Q. What is the scheduled use of overburden in the rehabilitation program?
A. Placement and shaping of overburden will be undertaken to create slopes with gradients up to 10 degrees. Overburden and other waste materials (selectively backfilled or blended) will be covered with a suitable medium to allow for the placement of intermediate soil and topsoil materials prior to revegetation in accordance with relevant technical documents.
For an open cut mining operation, settlement and surface instability can occur on the post mining landform. By selectively placing materials within the reinstated landform and tailoring the shaping methodologies and timing of this emplacement, settlement can be minimised. In this regard, any vegetation established on the progressively developed final landform is unlikely to be adversely impacted. However, as a precautionary measure, periodic monitoring for areas of excessive settlement and other areas where initial attempts to establish vegetation were not successful will be undertaken throughout the life of the Project.
Q. What is the topsoil resource available for the rehabilitation of the final landform for agricultural purposes?
A. Consistent with the strategy for the Project, Class III land will be rehabilitated on the final landform that is planned to be dedicated for future agricultural purposes. The volumes of topsoil available for rehabilitation of the site are adequate to allow the requirements for development of Class III lands as per the Land and Soil Capability Assessment Scheme – Second Approximation (OEH, 2013b). Published peer review information demonstrates the viability of successfully rehabilitating mined land for agricultural purposes.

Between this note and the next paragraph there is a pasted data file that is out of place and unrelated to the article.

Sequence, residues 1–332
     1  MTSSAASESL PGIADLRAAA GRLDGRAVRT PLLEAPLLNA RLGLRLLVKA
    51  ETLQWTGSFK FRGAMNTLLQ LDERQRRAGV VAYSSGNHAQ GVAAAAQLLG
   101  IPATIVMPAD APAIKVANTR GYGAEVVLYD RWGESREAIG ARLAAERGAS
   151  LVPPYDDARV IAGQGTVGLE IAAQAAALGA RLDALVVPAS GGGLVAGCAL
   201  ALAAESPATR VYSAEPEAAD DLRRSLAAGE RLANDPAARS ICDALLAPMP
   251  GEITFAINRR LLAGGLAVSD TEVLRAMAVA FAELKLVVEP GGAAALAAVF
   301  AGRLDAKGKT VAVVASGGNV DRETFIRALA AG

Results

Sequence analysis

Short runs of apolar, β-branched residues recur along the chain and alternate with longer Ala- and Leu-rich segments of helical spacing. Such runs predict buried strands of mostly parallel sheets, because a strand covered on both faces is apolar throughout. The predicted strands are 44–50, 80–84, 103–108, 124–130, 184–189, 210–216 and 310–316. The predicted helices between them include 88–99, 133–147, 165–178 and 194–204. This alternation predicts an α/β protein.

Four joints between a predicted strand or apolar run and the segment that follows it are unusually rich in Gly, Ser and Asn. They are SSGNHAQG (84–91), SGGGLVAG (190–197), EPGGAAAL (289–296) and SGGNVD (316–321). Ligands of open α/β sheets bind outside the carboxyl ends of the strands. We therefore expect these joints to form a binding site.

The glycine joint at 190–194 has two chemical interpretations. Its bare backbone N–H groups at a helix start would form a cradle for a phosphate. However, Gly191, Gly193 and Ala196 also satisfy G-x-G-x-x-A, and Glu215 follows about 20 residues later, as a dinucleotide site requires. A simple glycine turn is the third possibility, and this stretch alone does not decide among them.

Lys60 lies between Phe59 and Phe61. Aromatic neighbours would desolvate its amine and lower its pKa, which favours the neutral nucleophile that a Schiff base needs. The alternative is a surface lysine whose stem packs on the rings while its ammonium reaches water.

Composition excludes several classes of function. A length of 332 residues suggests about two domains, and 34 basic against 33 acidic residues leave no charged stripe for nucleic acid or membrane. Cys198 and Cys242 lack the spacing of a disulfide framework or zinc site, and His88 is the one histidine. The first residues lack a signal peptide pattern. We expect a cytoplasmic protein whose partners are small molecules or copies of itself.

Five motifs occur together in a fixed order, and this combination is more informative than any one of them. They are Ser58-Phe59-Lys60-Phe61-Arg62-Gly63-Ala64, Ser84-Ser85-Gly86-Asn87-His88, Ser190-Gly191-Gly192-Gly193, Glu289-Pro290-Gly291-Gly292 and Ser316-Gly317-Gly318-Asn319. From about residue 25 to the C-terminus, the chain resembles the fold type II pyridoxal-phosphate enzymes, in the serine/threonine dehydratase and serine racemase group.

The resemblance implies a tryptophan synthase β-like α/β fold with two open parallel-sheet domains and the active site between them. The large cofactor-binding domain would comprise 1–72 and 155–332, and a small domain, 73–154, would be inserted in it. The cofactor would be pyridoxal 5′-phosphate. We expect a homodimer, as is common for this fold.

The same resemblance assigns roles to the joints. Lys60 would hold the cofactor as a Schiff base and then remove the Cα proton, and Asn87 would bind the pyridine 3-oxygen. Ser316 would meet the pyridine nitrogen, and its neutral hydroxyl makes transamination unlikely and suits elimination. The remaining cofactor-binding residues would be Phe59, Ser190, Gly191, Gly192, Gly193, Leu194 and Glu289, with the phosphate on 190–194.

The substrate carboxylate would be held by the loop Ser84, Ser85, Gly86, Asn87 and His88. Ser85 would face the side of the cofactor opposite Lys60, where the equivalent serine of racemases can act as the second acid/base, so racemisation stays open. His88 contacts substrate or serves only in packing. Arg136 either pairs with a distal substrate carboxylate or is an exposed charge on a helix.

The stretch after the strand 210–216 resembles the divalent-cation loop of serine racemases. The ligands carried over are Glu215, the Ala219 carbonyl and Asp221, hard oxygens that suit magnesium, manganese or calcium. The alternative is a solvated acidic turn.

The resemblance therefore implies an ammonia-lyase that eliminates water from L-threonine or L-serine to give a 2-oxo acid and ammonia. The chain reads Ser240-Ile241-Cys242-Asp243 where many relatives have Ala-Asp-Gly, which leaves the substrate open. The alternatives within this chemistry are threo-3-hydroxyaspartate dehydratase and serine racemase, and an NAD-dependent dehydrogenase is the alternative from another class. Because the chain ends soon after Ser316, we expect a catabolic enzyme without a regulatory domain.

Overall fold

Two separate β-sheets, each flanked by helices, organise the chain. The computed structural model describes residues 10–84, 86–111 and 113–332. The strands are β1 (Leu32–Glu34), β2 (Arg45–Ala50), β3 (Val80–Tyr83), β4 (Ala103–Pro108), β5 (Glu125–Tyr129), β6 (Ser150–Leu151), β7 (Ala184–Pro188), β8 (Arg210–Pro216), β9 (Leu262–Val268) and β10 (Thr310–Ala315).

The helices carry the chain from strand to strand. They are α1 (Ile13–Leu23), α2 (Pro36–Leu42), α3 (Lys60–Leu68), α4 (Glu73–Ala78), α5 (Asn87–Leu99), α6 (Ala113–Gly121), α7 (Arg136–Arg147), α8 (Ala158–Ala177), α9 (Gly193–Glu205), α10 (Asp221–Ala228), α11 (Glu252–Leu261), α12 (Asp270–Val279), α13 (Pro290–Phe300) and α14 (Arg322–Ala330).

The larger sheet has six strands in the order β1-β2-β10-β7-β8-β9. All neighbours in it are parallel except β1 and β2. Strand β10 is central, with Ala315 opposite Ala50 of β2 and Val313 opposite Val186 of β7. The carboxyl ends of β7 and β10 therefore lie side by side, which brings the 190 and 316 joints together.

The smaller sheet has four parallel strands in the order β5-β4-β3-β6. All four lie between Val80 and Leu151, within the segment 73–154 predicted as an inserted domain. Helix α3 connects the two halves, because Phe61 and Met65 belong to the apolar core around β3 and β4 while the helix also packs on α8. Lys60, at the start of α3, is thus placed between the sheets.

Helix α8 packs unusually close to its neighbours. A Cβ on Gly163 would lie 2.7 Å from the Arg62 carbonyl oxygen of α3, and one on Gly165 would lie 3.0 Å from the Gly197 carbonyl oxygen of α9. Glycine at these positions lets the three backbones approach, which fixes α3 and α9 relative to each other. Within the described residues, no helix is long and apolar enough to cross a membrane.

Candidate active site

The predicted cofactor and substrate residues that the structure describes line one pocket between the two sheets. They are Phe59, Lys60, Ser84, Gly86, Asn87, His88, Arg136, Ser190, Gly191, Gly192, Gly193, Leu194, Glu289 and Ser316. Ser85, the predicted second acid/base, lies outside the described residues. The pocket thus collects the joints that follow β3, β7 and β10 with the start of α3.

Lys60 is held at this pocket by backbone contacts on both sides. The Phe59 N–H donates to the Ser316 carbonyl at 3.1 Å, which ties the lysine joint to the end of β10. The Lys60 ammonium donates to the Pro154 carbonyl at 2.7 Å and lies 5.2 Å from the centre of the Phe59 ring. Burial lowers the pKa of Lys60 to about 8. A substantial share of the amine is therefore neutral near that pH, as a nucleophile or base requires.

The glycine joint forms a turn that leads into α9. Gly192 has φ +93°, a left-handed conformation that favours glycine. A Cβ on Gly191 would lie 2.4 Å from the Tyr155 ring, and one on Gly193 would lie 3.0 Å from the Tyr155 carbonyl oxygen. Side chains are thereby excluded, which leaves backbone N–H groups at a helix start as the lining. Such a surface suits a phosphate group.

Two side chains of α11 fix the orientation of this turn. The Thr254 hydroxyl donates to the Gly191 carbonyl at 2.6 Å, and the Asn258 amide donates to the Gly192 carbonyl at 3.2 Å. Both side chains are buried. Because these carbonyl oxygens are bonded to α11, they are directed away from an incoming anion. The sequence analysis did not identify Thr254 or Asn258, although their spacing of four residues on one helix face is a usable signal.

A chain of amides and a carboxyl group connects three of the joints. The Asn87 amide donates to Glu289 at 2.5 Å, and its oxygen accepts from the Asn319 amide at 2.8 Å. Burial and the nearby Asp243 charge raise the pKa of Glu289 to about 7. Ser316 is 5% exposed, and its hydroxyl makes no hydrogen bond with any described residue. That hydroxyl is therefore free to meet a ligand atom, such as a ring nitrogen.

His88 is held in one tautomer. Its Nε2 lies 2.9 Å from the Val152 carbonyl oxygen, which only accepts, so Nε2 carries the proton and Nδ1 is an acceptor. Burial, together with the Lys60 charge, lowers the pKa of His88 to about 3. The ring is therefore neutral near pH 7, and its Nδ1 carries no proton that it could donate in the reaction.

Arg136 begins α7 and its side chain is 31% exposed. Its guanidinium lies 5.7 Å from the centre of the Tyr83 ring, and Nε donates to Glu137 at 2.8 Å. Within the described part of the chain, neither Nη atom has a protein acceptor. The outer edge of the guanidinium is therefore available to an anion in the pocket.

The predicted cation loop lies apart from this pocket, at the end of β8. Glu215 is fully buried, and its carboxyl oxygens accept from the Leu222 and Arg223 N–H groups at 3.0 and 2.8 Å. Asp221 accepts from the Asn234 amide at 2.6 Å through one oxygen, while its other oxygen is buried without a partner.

Q. What is proposed for rehabilitation of native woodland communities on the final landform?
A. Approximately 2,384 ha will be rehabilitated in the Disturbance Boundary with a focus on re-establishing native woodland, associated grassland and Koala habitat.
It is recognised that native woodland rehabilitation will not have the same complement of native herbs and grasses as the original communities. However, published peer review research demonstrates that it is viable to recreate and establish a self-sustaining post mining landscape that resembles the pre-mining vegetation communities and is able to support a diverse range of viable flora and fauna populations, in particular a Koala population.
Q. What are the rehabilitation and management plans for the final void?
A. A final residual void will be present within the Western Mining Area. The low wall will be stabilised by means of battering to a gradient of 10 degrees and construction of drainage and erosion control structures. The majority of the highwall will be blasted back to improve its long term safety and stability. The remaining area of the highwall will be capped with at least 3 m of inert material from the crest above the highest coal seams and rehabilitated.
Surface water runoff and groundwater seepage generated off the final landform will fill the Western Mining Area void thereby creating a lake. The open void will remain a permanent sink for groundwater flow and the saline water that will develop within the void lake will not be able to flow to the adjacent alluvial aquifers or affect its associated water quality.
Where practicable, efforts will be made during consultation and preparation of a Mine Closure Management Plan to reduce the size, depth, batter grades and address groundwater performance of the final void.